Fluorochemical research supports SA’s beneficiation strategy
Mineral beneficiation has been identified as a national priority to create employment and to drive economic growth in South Africa. In June last year beneficiation became official government policy through the release of a strategy that identified a number of instruments such as policies, legislation and incentives to be put into place to support local beneficiation.
In support of government policy, the SARChI Chair in Fluoromaterials at the University of Pretoria’s Institute of Applied Materials (IAM) has been researching the beneficiation of fluorspar as part of government’s Fluorochemical Expansion Initiative (FEI). Research into this field is sponsored by the initiative.
According to Prof. Philip Crouse who heads the research chair at IAM, South Africa has the world’s second largest fluorspar (CaF©ü) deposits but has exported up to 95% of this high-potential mineral in the past, despite considerable fluorine-related scientific and technological expertise existing locally. To supply the rapidly growing local and export market, the main barriers to market entry, namely the ability to produce hydrogen fluoride and fluorine gas, have long since been crossed by the local nuclear industry and partnerships have been established with several international companies. 
Prof. Crouse has been tasked to bring existing technology residing at the South African Nuclear Energy Corporation Limited (Necsa) in the field of PTFE, PVDF, FEP and PFA to the University of Pretoria in order to develop of a fluoro-polymer capability for local industry. South Africa has fluorspar resources to last us for the next 300 years and has the technical know-how and commercial expertise to support full scale beneficiation of this mineral. 
Research to support commercialisation 
The SARCHI Chair in Fluoromaterials: Science and Process Integration was established in the Department of Chemical Engineering at the University of Pretoria in 2007, and has been functioning under the IAM umbrella since 2010. Over and above the research conducted into fluoro-polymers sponsored by the Fluorochemical Expansion Initiative, this unit also conducts research into: dry fluorination of inorganic materials; modelling of fluorine electrolysis cells; various projects of interest to the Advanced Metals Initiative (AMI) relating to fluoride-based minerals processing; high-temperature processes for the production of high-value products directly from fluorspar. The Chair works in close collaboration with Necsa and its wholly-owned subsidiary Pelchem.
Most of the research conducted by staff and post-graduate students is aimed at developing the South African chemical industry, with a particular focus on conversions, raw material supply, polymer modification and product design for polymer systems and materials.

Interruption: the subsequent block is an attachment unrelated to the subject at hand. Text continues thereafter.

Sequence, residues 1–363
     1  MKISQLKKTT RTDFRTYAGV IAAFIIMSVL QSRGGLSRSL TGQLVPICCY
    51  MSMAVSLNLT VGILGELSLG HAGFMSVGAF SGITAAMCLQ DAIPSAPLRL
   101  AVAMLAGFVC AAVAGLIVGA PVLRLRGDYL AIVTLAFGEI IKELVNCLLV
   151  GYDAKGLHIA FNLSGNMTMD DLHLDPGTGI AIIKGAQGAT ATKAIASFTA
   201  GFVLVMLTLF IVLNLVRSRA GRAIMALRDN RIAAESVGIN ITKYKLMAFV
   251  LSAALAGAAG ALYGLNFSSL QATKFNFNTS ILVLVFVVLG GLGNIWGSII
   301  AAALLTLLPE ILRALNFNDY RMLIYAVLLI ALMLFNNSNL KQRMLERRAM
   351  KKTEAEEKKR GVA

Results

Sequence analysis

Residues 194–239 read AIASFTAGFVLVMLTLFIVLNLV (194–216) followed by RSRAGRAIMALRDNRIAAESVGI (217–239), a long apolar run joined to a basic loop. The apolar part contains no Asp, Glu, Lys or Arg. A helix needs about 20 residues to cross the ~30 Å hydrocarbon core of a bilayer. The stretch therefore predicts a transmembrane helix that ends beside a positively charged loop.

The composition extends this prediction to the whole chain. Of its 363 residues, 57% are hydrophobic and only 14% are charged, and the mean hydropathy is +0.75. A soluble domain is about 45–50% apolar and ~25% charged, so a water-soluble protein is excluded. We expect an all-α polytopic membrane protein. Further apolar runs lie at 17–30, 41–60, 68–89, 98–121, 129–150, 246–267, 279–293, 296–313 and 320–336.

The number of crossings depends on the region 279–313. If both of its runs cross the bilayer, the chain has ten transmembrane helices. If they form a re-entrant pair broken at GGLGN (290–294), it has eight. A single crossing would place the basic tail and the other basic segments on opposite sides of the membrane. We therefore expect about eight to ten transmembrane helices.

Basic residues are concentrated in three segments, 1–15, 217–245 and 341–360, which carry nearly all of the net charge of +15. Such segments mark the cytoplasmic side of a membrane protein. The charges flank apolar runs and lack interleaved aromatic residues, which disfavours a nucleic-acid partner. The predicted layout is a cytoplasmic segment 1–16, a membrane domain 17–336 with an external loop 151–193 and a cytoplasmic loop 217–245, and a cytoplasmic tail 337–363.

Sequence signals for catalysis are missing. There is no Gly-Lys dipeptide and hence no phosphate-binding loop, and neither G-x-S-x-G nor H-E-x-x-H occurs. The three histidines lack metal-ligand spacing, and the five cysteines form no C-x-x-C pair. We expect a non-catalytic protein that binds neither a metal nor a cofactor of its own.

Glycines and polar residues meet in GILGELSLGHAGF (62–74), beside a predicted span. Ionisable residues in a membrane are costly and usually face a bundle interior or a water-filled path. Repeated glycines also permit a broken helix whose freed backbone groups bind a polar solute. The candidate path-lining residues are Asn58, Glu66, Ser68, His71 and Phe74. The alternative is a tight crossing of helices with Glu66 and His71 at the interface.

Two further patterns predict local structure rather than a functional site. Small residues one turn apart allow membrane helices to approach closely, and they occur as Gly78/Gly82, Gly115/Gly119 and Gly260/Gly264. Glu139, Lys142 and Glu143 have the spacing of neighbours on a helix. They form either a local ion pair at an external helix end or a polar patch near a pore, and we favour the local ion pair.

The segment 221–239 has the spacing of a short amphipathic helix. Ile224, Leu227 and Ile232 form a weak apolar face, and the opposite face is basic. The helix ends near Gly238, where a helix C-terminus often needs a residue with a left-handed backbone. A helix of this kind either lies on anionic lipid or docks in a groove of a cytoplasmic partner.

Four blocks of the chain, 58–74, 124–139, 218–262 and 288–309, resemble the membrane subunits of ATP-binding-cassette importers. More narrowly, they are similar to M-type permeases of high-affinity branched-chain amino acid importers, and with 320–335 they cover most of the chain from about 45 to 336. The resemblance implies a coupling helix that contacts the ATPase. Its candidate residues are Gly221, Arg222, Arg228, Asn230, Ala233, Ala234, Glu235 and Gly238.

The Chair’s activities rest on three pillars - the first and largest being the work done on fluoro-polymers. The second pillar comprises fluoride-based mineral processing and the third, industrial based fluoro-chemistry that has a strong nuclear focus.

Exciting developments in dealing with PTFE scrap
One of the Chair’s most recent research highlights has been in the way industry deals with polytetrafluoroethylene (PTFE) scrap. PTFE, often better known by its DuPont trade name Teflon, is most visibly used as a non-stick coating for pans and other cookware. It is non-reactive, has a very low coefficient of friction, has a very high maximum working temperature, and is highly water repellent. This is partly because of the strength of its carbon-fluorine bonds. The material has many industrial applications, and is often used in containers and pipes for reactive and corrosive chemicals. PTFE was discovered in 1938 and the market in this material and related fluoropolymers has been growing by up to 5% per year. PTFE in general is not melt-processible, and products are cut from large blocks. The scrap produced in the process could not be reused up to now.  The Fluoromaterials Chair at IAM has very recently developed a process, an extension of work originally done by Necsa-Pelchem, through which PTFE scrap can be processed and reused as fresh resin. This could certainly make a huge difference to the local and international PTFE industry.
In the process, scrap from this highly versatile material is thermally cracked to produce the constituent monomer in sufficient purity to be directly polymerized - without any additional distillation or further purification steps. The virgin resin has been sintered successfully; in other words, it has been heated to form a coherent mass without melting it. While the process still needs much further tweeking, the first results of this technique, developed by post-graduate students of IAM, have proved to be highly exciting.
For more information on the research conducted by the University of Pretoria’s Chair in Fluoromaterials: Science and Process Integration, or to enquire about post-graduate studies, visit www.aim.up.ac.za.

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Published by Suzette Seymore

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